A bottle of generic delayed-release Duloxetine (Cymbalta) 30 mg

Cymbalta was originally approved by the FDA in 2004 for the treatment of major depression. It is officially an SNRI-type antidepressant. In doctorspeak that means it is a serotonin-norepinehprine reuptake inhibitor and is somewhat similar to other antidepressants such as Effexor (venlafaxine) and Pristiq (desvenlafaxine).

The FDA also approved Cymbalta to treat nerve pain associated with diabetes in 2004. In 2007 the drug got a green light for anxiety and in 2008 the FDA agreed that it could ease the discomfort associated with fibromyalgia. It was also approved to treat musculoskeletal pain associated with arthritis and lower back pain in 2010. In other words, here was a drug that could relieve your blues and your aches and pains. And the drug company that makes Cymbalta (Lilly) has been aggressively marketing it as a good way to deal with chronic low back pain and osteoarthritis. Perhaps you have seen the commercials on TV promoting the pain relieving power of the drug with the slogan “Cymbalta can help.” It sounds almost too good to be true.

Ah…and there is the rub. Although there is a long list of serious side effects mentioned during the commercial, the video images seem quite reassuring and trump the scary message the FDA requires for this medication. So, let’s set the record straight. Here, without visual interference, are a list of potential complications associated with this medication.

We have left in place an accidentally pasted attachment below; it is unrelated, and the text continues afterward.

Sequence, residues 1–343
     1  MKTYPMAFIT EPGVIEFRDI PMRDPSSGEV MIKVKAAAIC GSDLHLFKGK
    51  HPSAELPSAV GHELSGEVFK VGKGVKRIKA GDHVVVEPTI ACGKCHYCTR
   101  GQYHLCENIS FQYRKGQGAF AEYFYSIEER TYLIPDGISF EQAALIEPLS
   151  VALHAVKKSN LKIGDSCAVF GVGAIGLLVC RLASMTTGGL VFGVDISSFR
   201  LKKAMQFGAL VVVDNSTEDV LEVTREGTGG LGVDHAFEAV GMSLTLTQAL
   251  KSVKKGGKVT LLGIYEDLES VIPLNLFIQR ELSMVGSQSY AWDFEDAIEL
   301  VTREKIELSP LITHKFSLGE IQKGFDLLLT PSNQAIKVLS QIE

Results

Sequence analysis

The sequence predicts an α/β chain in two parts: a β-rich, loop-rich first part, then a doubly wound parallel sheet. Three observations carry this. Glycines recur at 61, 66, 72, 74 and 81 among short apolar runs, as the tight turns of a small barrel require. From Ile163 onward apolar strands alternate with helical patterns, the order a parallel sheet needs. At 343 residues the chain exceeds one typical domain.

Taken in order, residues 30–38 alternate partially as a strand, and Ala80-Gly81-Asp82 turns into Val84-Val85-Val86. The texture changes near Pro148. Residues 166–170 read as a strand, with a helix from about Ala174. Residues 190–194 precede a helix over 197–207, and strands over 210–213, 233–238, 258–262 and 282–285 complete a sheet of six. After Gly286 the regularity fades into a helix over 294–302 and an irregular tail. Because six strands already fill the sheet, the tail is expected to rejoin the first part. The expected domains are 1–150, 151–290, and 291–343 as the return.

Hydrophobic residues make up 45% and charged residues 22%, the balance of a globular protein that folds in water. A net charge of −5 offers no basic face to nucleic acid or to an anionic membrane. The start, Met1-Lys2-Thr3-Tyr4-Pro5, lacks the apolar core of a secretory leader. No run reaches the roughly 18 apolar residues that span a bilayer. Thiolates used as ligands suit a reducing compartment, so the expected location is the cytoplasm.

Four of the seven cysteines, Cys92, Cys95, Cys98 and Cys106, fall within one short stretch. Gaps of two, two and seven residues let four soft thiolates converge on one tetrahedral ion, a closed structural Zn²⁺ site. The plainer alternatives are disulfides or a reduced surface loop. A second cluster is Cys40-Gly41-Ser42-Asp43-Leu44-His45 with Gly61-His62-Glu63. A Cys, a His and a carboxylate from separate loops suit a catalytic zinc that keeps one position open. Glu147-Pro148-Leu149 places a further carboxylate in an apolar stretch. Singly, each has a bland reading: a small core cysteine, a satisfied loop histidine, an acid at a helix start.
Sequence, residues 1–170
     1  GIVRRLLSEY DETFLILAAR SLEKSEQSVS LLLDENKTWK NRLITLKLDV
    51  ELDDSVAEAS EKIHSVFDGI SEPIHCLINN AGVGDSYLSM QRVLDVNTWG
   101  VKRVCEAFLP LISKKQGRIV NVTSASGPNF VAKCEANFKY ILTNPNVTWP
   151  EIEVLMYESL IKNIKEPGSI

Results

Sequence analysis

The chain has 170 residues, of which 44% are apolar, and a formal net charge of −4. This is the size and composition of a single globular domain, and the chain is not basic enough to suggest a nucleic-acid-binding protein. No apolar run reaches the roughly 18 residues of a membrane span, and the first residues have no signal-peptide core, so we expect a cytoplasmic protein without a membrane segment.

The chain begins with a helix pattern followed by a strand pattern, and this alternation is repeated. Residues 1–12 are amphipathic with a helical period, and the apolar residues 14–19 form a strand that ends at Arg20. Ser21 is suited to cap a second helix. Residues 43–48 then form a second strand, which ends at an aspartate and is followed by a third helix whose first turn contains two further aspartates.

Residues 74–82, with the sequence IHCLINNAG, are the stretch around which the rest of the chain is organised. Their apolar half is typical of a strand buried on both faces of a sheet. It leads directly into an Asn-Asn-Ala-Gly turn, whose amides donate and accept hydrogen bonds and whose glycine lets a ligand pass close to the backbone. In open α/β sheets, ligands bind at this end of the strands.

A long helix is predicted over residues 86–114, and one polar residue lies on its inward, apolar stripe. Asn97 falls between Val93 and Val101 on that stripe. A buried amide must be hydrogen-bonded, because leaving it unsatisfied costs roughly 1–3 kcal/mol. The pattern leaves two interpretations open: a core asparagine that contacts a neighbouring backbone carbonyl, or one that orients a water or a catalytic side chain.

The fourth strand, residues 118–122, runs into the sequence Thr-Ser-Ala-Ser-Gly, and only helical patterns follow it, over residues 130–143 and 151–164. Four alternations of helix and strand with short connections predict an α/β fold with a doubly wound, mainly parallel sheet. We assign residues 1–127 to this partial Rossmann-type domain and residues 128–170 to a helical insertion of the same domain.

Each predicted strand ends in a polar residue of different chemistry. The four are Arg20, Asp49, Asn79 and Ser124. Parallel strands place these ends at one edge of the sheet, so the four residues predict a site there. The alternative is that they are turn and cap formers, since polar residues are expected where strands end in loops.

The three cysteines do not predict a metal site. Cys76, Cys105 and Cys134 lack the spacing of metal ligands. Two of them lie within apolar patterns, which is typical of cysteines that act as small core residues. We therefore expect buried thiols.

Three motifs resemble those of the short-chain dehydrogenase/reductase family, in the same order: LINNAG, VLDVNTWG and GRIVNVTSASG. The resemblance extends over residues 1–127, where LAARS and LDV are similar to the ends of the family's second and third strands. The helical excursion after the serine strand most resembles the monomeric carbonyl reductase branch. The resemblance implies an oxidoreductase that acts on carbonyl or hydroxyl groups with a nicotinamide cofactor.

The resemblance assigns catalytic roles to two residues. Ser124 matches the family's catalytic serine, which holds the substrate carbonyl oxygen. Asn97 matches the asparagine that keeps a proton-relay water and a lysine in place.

Cymbalta (Duloxetine) Side Effects

  • Nausea, stomach pain, constipation, diarrhea, decreased appetite, vomiting
  • Dry mouth
  • Insomnia, anxiety, tremor
  • Dizziness, fatigue, sleepiness
  • Sweating, hot flashes
  • Blurred vision
  • Headache
  • Sexual dysfunction, lowered libido, erection difficulties, lack of orgasm
  • Liver damage
  • Serious skin reactions, rash, hives (requires immediate MD assistance!)
  • Glaucoma
  • Irregular heart rhythms
  • Bleeding problems
  • Blood pressure problems
  • Interaction with other drugs (leading to serotonin syndrome among other reactions)
  • Pneumonia
  • Seizures
  • Depressed mood, suicidal thoughts and behavior, suicide

Such a long list of side effects makes your eyes glaze over after the top 3 or 4. That is why we have included stories from real people so you can better understand what these complications feel like.

Even though such side effects are scary, there is another problem with Cymbalta. When people try to stop taking this drug they frequently report unpleasant withdrawal symptoms. An organization (QuarterWatch) that monitors the FDA’s database of serious adverse drug events has noted that:

“We observed a signal for serious drug withdrawal symptoms associated with duloxetine (CYMBALTA), a widely used antidepressant that is also approved to treat arthritis and back pain, anxiety, and fibromyalgia. In the first quarter of 2012 the FDA received 48 case reports of drug withdrawal identifying duloxetine as the suspect drug. They described a wide spectrum of withdrawal effects that began when the patients stopped the drug, including blackouts, suicidal thoughts, tremor, and nausea. Several cases involved hospitalization.